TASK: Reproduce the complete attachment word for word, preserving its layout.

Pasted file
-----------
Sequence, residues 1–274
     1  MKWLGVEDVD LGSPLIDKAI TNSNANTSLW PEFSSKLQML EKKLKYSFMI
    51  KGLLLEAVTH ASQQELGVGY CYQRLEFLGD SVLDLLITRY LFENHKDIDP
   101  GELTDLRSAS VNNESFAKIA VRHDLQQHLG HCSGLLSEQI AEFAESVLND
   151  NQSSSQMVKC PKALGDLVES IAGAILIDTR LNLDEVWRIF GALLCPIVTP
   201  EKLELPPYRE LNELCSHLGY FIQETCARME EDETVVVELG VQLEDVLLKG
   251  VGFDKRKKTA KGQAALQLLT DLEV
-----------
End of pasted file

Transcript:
Sequence, residues 1–274
     1  MKWLGVEDVD LGSPLIDKAI TNSNANTSLW PEFSSKLQML EKKLKYSFMI
    51  KGLLLEAVTH ASQQELGVGY CYQRLEFLGD SVLDLLITRY LFENHKDIDP
   101  GELTDLRSAS VNNESFAKIA VRHDLQQHLG HCSGLLSEQI AEFAESVLND
   151  NQSSSQMVKC PKALGDLVES IAGAILIDTR LNLDEVWRIF GALLCPIVTP
   201  EKLELPPYRE LNELCSHLGY FIQETCARME EDETVVVELG VQLEDVLLKG
   251  VGFDKRKKTA KGQAALQLLT DLEV